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Until this week, there were still hopes that the business impact of the coronavirus would be limited. The travel industry was using as a benchmark the 2003 Sars outbreak, which hit 26 countries, killed 774 people and caused a six-month dip in global travel.

But as the first cases were reported in Italy and Iran last weekend, companies around the world began to cancel events from Cannes to California, rattling the $1.4tn corporate travel sector. 

Airlines, already buffeted by a big drop-off in flights to Asia, have been hit particularly hard. On Friday, Lufthansa said it was slashing its short-haul flights by up to 25 per cent as demand slumped. British Airways parent company IAG warned that the uncertainty meant it could not provide a profit outlook for 2020; its shares fell 8 per cent and are down by a quarter in 10 days.

“If results had been last Friday, we probably would have given an outlook,” said chief executive Willie Walsh. “Asia appeared to have stabilised . . . but there has been a big change since Monday on Italy. [We] need to see how that impacts over a period of time . . . but it’s far too early for us to call.”

Amid a flurry of deep cleaning at their headquarters, hundreds of businesses, including multinationals such as BP, BMW, Orange and Estée Lauder, have suspended travel to countries with outbreaks of the virus and imposed quarantines on any returning from those regions. Others such as Nestlé, which has 352,000 employees, and L’Oréal, which has 86,000 employees, have gone further — cancelling all international travel for at least a month.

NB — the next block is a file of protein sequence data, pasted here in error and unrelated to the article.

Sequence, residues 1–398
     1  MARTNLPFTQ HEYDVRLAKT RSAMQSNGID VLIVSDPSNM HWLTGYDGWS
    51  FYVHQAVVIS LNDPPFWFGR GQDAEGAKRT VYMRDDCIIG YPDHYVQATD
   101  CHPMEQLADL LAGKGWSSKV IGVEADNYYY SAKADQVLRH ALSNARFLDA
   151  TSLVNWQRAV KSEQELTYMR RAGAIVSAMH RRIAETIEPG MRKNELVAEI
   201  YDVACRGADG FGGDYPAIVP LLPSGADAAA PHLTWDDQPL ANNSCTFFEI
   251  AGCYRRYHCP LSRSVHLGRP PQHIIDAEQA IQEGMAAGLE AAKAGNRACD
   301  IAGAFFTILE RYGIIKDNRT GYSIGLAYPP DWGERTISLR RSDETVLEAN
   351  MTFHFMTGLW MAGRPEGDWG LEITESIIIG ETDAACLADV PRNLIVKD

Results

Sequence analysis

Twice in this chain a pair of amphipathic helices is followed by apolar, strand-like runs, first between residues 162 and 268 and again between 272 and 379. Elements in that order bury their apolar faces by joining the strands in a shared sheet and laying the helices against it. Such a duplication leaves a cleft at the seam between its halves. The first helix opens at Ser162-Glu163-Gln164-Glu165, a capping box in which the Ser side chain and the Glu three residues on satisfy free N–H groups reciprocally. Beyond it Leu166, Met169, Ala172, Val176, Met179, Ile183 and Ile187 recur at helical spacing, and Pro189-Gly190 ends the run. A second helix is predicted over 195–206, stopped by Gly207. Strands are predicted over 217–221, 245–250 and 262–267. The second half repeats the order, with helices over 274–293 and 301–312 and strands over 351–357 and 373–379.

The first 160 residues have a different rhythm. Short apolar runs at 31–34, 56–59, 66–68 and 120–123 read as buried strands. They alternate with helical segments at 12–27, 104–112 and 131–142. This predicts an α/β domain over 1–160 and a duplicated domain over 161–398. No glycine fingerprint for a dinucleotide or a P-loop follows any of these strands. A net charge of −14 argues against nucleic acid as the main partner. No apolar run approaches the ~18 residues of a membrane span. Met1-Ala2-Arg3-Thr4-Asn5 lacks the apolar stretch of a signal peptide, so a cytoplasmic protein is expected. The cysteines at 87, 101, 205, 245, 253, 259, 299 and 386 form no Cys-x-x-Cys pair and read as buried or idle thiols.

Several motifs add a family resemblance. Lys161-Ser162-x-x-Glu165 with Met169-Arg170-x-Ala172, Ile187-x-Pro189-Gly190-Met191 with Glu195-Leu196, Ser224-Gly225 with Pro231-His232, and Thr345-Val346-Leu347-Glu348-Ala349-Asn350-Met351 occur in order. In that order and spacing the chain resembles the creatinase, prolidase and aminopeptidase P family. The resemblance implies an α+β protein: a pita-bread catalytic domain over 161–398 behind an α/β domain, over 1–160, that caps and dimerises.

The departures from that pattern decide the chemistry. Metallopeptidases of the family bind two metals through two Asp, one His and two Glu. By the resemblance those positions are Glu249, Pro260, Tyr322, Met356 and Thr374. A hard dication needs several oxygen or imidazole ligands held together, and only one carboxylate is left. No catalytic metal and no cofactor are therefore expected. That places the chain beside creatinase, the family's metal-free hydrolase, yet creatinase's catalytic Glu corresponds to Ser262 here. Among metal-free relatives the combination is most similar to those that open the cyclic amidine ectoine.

“We’re seeing business slow down, conferences and events being cancelled and that has a bigger impact on premium traffic which is a critical source of revenue for many network airlines,” said John Strickland, a London-based aviation consultant. 

Diagrams showing where airline groups fly within Europe and the impact coronavirus announcements had on their share price movements

IAG’s Mr Walsh acknowledged that “corporates have introduced restrictive policies” but noted: “We’ve seen this before . . . We see those policies are normally in place for a short period of time.”

Bruce Wardinski, chief executive of Playa Hotels, an operator of Hilton and Hyatt branded properties, said: “I am frustrated that, in my belief, the coronavirus may cause people to stop travelling, which may affect our 2020 results. The only solace I get when thinking about all of these frustrations is that they all have one thing in common: they are temporary.”

Yet is hard to know how much confidence to draw from travel executives relying on the passing of time, given how slow the industry has been to grasp the seriousness of this crisis.

While Mr Walsh is sanguine about the impact on IAG, he is more bearish on the fate of some smaller competitors, arguing there is “absolutely no doubt there are airlines out there that can’t survive this . . . It’s going to accelerate the demise of a number of the weaker players in the industry.” 

Norwegian Air Shuttle lost almost half its equity value this week. EasyJet on Friday froze recruitment and scaled back investment in an emergency effort to protect profits from the weakening passenger demand. Similar moves by Lufthansa and Dutch carrier KLM, part of the Air France-KLM group, were taken earlier this week as well as at Fraport, the operator of Frankfurt airport, Germany’s largest transport hub.

Ancillary businesses have been hurt too. The airport concession operator SSP said that the drop in passenger numbers would reduce group revenue by up to £12m this month while British American Tobacco warned that there had been a dent in sales of duty-free cigarettes.